"We need to position ourselves to embrace a new future. And so we are implementing a new software platform that connects the dots of our operations, standardizing our processes and aligning all of our sites."

To maintain our position as a benchmark supplier to the automotive market, we need more visibility and control over our processes, wherever manufacturing occurs. We need to position ourselves to embrace a new future. And so we are implementing a new software platform that connects the dots of our operations, standardizing our processes and aligning all of our sites.

We recognize the challenges. Standardizing processes across countries with different cultures and regulatory requirements is no easy feat, but digital, automated controls that recognize and adjust for those variations will simplify the task. Preparation and education are also essential. We are committed to involving all actors from the very beginning, to help ensure buy-in and adoption.

We are beginning with a pilot implementation across plants in the Czech Republic, China, Germany and the United States. These sites will initially standardize production control. Once this goes smoothly, we’ll look to roll out the platform to a new plant every two weeks.

The benefits we hope to achieve are enormous. Having all information accessible through a single virtual platform will give us a universal view, eliminating manual work. Changes to a line will be executed at the touch of a button; we expect to significantly reduce the time spent setting up production runs.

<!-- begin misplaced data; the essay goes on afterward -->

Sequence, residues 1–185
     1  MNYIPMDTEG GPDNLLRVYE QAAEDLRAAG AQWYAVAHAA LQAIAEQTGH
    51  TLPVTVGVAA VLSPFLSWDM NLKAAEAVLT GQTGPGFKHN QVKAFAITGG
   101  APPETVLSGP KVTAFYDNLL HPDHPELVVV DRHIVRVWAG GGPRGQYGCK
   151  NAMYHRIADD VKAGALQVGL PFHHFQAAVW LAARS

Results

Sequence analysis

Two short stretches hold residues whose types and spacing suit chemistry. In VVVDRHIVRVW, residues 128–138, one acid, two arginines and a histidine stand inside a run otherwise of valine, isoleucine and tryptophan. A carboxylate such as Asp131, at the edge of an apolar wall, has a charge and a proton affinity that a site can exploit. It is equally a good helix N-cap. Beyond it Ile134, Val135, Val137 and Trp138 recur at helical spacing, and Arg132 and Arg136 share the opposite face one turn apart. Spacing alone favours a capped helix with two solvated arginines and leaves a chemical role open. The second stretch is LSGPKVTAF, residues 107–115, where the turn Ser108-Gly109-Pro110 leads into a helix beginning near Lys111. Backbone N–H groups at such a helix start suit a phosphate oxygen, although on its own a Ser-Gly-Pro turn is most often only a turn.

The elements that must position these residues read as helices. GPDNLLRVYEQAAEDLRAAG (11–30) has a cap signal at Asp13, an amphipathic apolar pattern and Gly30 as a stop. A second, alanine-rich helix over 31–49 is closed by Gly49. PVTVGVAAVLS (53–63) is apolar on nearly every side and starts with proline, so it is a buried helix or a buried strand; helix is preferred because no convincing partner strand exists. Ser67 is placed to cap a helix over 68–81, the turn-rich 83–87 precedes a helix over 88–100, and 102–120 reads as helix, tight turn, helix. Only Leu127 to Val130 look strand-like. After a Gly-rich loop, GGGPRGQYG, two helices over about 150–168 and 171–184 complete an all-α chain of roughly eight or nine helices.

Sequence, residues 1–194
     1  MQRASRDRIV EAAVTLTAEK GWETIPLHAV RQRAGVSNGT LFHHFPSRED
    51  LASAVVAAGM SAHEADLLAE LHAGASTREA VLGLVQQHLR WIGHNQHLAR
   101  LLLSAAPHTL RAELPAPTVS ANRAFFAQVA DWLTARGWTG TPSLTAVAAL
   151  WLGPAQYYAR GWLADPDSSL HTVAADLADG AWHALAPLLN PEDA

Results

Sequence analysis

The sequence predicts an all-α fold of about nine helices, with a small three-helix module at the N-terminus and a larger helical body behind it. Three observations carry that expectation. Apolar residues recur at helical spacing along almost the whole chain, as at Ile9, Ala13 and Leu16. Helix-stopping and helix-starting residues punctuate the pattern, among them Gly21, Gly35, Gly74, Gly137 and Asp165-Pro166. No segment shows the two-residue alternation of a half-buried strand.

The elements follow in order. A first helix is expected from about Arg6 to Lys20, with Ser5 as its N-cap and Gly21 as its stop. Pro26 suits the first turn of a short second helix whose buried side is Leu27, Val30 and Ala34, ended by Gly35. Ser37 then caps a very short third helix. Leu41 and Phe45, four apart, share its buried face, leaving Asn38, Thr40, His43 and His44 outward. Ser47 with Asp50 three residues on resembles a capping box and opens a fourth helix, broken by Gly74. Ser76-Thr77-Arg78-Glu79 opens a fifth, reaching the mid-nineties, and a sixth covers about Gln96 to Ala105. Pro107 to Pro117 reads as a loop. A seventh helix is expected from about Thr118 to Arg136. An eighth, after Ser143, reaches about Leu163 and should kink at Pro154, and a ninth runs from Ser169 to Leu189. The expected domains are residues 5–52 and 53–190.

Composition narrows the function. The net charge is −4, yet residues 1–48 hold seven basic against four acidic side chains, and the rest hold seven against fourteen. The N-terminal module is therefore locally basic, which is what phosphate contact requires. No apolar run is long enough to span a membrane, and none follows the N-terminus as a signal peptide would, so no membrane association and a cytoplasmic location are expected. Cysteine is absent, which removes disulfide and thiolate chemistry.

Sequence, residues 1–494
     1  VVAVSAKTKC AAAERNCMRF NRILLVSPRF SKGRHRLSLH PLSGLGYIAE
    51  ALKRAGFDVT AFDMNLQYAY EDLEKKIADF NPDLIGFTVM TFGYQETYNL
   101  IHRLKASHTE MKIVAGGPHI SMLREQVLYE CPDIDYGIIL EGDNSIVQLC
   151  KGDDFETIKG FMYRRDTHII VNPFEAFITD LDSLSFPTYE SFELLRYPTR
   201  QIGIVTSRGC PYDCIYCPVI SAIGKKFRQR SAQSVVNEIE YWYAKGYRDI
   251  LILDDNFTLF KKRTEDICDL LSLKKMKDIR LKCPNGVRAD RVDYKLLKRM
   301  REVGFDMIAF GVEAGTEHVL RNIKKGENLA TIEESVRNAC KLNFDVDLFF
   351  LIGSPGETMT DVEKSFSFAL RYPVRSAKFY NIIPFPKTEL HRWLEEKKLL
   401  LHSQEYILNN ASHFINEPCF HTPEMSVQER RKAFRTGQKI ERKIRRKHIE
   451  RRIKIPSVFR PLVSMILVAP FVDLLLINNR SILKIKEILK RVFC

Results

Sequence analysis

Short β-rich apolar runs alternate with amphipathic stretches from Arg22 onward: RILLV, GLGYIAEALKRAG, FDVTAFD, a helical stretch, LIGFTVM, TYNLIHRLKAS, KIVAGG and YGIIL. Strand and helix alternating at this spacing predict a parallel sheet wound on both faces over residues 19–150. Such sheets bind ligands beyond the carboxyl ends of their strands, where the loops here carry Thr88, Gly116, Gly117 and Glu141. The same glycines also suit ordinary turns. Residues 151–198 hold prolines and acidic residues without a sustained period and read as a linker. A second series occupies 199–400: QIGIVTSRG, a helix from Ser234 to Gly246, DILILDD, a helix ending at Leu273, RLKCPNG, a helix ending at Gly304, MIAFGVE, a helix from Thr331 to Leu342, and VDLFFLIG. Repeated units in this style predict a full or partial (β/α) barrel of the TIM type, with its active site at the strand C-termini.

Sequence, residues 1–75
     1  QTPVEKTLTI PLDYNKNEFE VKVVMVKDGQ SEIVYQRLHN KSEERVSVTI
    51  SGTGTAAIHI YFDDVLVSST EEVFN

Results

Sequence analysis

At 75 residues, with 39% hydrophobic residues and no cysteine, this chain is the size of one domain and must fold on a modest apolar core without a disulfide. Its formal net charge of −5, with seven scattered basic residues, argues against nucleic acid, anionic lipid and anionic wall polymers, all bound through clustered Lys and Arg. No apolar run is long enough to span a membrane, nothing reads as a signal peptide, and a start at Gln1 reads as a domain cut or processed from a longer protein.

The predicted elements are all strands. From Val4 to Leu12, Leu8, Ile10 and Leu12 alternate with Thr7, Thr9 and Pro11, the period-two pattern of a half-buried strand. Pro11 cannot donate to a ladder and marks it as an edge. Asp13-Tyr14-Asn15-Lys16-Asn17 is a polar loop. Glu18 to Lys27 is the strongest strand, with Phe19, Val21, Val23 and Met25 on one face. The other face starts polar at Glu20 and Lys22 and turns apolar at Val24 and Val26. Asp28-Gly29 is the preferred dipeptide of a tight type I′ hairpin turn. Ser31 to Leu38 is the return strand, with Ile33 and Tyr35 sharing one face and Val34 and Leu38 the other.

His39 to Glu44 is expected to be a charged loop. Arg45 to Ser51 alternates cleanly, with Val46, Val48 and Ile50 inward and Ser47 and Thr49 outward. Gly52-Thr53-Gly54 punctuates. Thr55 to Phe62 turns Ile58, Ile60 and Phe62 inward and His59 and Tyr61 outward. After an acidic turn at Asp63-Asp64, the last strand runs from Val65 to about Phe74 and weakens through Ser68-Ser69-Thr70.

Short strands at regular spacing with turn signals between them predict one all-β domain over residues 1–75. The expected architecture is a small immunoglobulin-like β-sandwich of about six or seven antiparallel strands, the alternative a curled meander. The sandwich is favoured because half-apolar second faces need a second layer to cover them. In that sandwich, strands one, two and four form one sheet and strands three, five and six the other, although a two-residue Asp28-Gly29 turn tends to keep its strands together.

Having access to more production data will empower us to react much faster to customer requirements and practice continuous improvement on the shop floor. Visibility into and control of real-time data also will enable us to predict faults at the machines before they happen, reducing downtime by a significant amount and cutting waste – a critical step in meeting our sustainability goals.

Ultimately, we hope that virtualizing our production operations will help us succeed against the backdrop of Industry 4.0, allowing virtual twins to enable quick understanding, what-if decision-making and rapid execution of fast-changing plans. While challenges will inevitably arise, I’m excited about what this means for Brose. The pandemic has made the past 12 months difficult, but these new technologies make me optimistic about what’s to come.

PROFILE: Klaus Roos has worked at Brose for more than 20 years, beginning as ERP Project Manager, then progressing to Logistics and IT Manager and, ultimately, General Manager of the operation in Changchun, China. In his current role as Head of Production Strategy, Roos is responsible for plans that define how technology should be utilized to enable Brose’s overall business strategy and future development.

Brose has been helping to shape the future of the automobile for more than a century. The company develops and produces mechatronic systems for vehicle doors and seats as well as electric motors, drives and electronics, among others, for steering, brakes, transmissions and engine cooling. About 25,000 employees work for Brose at 65 locations in 24 countries. The company generated €6.2 billion (US$7.5 billion) in turnover in 2019.